Wall Street analysts are showing they’re Taylor Swift superfans too by riffing on her songs in their usually wonky research notes


On Thursday, a research note from BTIG landed in inboxes with the title “Now We Got Bad Blood.” The day before, one from Goldman Sachs’s David Kostin led with “All You Had To Do Was Stay.” 

For the uninitiated, the titles are plays on Taylor Swift songs. And they’re not the only such references on Wall Street: The chart-topping singer’s megawatt appeal is turning a slew of sell-siders into superfan “Swifties.” 

“Wall Street has been stodgy for so long, it’s refreshing,” said Callie Cox at eToro, who considers herself a Swiftie. The US investment analyst has tickets to see Swift in concert in Madrid next year. 

Swift’s reign at the pinnacle of pop culture has been one of this year’s biggest stories, not just in the music world. Her record-breaking cross-country Eras tour has been credited with boosting the US economy this year. Her songs — new and old — are getting millions of streams; a film based on her tour crossed $200 million at the global box office; and her mere presence at a football game starring her purported boyfriend Travis Kelce of the Kansas City Chiefs boosted NFL ratings and sales of his jersey

Steve Sosnick was out to dinner with five friends this week, and Swift’s name came up more than once. “One guy scoffed at her, and the two who’ve taken daughters to see her shot him down,” said the chief strategist at Interactive Brokers. “She’s an economic force — ask Jay Powell — and a true phenomenon. I wonder if this was what Beatlemania was like.”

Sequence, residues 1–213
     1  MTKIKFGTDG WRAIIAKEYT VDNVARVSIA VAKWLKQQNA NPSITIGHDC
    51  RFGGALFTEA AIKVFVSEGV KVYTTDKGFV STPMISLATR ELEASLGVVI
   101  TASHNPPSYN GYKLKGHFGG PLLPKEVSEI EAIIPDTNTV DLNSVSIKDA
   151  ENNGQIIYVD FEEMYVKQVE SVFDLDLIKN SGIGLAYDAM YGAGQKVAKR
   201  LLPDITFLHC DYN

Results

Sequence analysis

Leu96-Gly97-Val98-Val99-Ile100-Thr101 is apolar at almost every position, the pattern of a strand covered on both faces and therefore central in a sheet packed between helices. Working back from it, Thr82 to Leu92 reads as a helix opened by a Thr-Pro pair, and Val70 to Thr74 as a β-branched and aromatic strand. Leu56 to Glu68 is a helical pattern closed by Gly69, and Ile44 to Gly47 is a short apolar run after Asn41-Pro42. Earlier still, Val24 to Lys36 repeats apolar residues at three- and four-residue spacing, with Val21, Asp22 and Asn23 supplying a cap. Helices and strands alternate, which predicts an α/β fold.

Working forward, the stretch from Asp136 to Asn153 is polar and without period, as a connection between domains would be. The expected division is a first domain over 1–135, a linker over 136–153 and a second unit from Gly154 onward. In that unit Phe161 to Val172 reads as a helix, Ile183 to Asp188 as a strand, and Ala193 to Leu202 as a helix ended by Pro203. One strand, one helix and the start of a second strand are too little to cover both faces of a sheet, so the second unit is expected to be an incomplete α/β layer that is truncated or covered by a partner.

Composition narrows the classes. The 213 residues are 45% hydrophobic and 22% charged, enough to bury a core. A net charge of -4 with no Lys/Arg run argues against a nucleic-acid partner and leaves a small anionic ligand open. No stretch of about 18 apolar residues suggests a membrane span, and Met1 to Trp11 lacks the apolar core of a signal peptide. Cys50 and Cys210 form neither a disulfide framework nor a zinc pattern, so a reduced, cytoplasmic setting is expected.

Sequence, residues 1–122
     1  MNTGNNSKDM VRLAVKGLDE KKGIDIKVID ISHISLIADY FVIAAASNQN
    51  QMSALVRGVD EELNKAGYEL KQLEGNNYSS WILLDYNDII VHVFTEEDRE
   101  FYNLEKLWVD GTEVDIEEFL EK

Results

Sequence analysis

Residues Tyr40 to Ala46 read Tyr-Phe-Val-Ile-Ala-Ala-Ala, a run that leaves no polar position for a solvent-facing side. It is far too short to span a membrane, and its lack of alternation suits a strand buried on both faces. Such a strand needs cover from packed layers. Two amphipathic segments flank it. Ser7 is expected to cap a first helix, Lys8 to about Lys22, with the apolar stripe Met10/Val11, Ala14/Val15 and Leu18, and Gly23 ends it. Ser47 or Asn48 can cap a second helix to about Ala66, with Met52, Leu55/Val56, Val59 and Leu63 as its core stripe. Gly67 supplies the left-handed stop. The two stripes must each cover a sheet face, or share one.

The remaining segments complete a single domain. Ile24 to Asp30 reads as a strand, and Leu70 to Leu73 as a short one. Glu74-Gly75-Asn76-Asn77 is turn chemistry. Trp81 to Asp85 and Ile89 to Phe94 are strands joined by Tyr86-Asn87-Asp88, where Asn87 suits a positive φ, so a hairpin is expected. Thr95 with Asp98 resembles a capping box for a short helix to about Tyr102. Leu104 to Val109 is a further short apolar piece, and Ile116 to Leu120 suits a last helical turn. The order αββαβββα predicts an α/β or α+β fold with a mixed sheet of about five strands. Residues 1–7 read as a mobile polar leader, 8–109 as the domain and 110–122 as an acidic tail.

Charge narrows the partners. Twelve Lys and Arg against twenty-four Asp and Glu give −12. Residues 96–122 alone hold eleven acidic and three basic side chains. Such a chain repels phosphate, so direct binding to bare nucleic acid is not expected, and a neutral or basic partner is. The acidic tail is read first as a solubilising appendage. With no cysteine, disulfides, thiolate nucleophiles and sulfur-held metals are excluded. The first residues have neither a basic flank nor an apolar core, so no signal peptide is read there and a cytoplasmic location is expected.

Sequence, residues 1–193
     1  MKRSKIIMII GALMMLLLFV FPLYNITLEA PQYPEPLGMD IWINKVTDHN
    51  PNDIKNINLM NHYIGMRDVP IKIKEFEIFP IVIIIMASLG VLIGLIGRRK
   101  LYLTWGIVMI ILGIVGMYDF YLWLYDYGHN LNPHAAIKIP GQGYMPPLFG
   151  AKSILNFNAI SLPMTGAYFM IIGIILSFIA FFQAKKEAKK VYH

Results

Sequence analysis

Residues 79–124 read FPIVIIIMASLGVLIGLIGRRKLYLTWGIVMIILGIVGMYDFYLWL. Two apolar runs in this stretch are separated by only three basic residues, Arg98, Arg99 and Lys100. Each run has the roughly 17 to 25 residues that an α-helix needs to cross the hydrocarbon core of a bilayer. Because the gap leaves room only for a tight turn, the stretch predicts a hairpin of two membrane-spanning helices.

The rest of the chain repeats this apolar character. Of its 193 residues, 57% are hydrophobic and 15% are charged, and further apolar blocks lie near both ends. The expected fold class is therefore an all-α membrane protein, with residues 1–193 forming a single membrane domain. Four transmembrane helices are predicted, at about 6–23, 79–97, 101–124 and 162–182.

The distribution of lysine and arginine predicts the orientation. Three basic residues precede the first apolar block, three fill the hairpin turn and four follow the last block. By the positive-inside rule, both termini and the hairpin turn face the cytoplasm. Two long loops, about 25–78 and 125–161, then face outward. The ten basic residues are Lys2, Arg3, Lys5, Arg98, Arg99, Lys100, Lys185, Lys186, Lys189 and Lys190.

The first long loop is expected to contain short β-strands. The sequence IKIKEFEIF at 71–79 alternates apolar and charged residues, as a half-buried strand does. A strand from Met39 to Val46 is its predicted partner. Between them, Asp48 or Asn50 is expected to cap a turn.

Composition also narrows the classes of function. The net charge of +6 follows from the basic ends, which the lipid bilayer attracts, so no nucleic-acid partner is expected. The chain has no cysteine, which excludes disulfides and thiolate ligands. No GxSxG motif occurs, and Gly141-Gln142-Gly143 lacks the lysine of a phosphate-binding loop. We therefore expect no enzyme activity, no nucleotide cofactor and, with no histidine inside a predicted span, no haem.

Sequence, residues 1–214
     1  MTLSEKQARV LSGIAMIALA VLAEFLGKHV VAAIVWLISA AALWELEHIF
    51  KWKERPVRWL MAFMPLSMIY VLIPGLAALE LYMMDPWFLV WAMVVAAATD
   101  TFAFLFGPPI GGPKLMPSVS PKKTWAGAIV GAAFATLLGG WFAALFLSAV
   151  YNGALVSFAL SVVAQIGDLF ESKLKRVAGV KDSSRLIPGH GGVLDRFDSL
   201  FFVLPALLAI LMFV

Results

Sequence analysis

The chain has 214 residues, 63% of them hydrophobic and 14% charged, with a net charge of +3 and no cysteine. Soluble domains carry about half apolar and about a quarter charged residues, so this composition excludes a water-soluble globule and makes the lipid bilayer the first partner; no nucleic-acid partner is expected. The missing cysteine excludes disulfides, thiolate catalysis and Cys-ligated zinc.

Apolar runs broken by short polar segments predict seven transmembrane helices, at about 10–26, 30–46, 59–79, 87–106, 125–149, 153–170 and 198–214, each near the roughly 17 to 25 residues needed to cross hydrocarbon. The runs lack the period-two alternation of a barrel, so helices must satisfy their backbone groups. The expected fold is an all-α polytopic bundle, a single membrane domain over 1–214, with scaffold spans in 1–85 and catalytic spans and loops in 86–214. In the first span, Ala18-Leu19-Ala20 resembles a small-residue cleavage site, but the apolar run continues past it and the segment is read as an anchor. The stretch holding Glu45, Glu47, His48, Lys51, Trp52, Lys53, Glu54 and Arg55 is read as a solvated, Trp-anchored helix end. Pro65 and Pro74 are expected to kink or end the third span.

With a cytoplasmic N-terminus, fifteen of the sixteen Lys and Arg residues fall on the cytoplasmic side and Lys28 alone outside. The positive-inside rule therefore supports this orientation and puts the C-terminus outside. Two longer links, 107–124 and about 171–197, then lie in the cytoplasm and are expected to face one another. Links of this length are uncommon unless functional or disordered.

For Swift, 2023 has been a defining year. Bloomberg Economics estimates that the megastar — along with a tour from Beyoncé and the “Barbenheimer” films — may have contributed up to $8.5 billion to US growth in the third quarter. Talk of her GDP-boosting abilities even brought about a mention in the Federal Reserve Bank of Philadelphia’s June Beige Book, which said she helped spur growth in the city’s economy. Bloomberg now estimates that Swift’s stardom has catapulted her into the billionaire ranks. 

Thomas Simons at Jefferies published a note earlier this week following the release of October inflation statistics, which undershot forecasts. That, too, could be tied back to the 12-time Grammy winner, he said. “At the risk of attributing yet another economic data release to Taylor Swift, it is likely that the end of her recent concert tour is allowing prices to settle back down into a lower trajectory,” Simons wrote.

Over at StoneX, Vincent Deluard says that slowing credit-card spending trends and recent negative company earnings guidance “suggest that the usually resilient US consumer is experiencing a post-Swift hangover.” A note this week from the director of global macro strategy — titled “From the Taylor Swift Hangover to QE 2026: a Macro Roadmap” — came with lyrics from two of her lesser-known songs, “Dress” and “Death By a Thousand Cuts.” 

It’s not usual for analysts and strategists to try to come up with catchy titles for research pieces, says Sosnick. But there is such a thing as overkill. If “analysts are invoking her name and lyrics to get their pieces to stand out from the deluge of daily reports, then it’s kind of lame,” he said.

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